Prior to the commemorative events, officials suppressed this information, in a “tangle of pride, guilt and shame” that reflected French opinion generally. Much of the documentation of the historical events was ordered destroyed after the Second World War ended.
In opening the commemorative events, the Paris police prefect said the government is “conscious of the duty of memory that is incumbent upon it.” This statement is in sharp contrast to the position of former French President François Mitterrand, who declared in 1992, “Let us not ask for an accounting” of what happened during the war.
Americans are no strangers to willful denial of the past. American presidents have called for forgetting the past, not investigating wrongs of prior administrations, insisting that America is only and always the “good guy” on the planet. Indeed, this is a core ingredient of assertions that America is “exceptional.”
It is strange that there is a Holocaust Museum in Washington, D.C., to commemorate what the Nazis did in WWII, but no museum to acknowledge what a long series of United States governments did in the anti-Indian wars that are inextricable from American history. There is no American Indian Holocaust Museum, even though there are documented incidents in which mass killings, not just mass arrests, occurred across the continent over decades.
Exactly what is the “duty of memory”? Do we have a duty to remember anything? We know the adage from George Santayana, that “Those who cannot remember the past are condemned to repeat it.” But what if we want to repeat the past? What if the past is celebrated, not mourned and commemorated?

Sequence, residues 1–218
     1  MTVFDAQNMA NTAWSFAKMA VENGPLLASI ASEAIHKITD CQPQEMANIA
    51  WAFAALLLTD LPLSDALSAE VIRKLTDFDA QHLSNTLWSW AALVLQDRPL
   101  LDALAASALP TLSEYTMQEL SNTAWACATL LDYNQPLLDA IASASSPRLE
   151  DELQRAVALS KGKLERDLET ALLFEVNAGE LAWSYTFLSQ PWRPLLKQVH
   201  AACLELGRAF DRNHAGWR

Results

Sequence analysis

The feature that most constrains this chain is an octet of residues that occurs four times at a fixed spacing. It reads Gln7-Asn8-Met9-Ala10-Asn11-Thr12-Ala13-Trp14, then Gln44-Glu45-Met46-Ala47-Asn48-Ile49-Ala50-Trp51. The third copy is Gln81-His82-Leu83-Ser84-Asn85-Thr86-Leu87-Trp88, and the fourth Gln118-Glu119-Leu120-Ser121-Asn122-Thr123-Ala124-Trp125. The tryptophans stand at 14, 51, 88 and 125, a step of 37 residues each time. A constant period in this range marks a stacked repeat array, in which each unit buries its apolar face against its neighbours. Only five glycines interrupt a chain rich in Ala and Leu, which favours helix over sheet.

There’s an awful lot of American flag-waving at Indian Powwows, despite the bloody, anti-Indian history associated with that flag. Does this mean Indians have no memories? Does it mean they celebrate their Holocaust? This is a phenomenon discovered by some who have worked with colonialism: Frantz Fanon, for example, studying Africa, noted that colonized people strive to emulate the culture and ideas of their oppressors.
It seems that the first “duty of memory” is to remember. And how do we remember? By searching out the past, looking for evidence, facing facts, poking through facades, ignoring excuses, refusing lies.
Last year, President Obama ordered the creation of an “Atrocity Prevention Board,” saying, “Preventing mass atrocities and genocide is a core national security interest and a core moral responsibility of the United States.” He also said, “America’s reputation suffers, and our ability to bring about change is constrained, when we are perceived as idle in the face of mass atrocities and genocide.” He added, “history has taught us that our pursuit of a world where states do not systematically slaughter civilians will not come to fruition without concerted and coordinated effort.”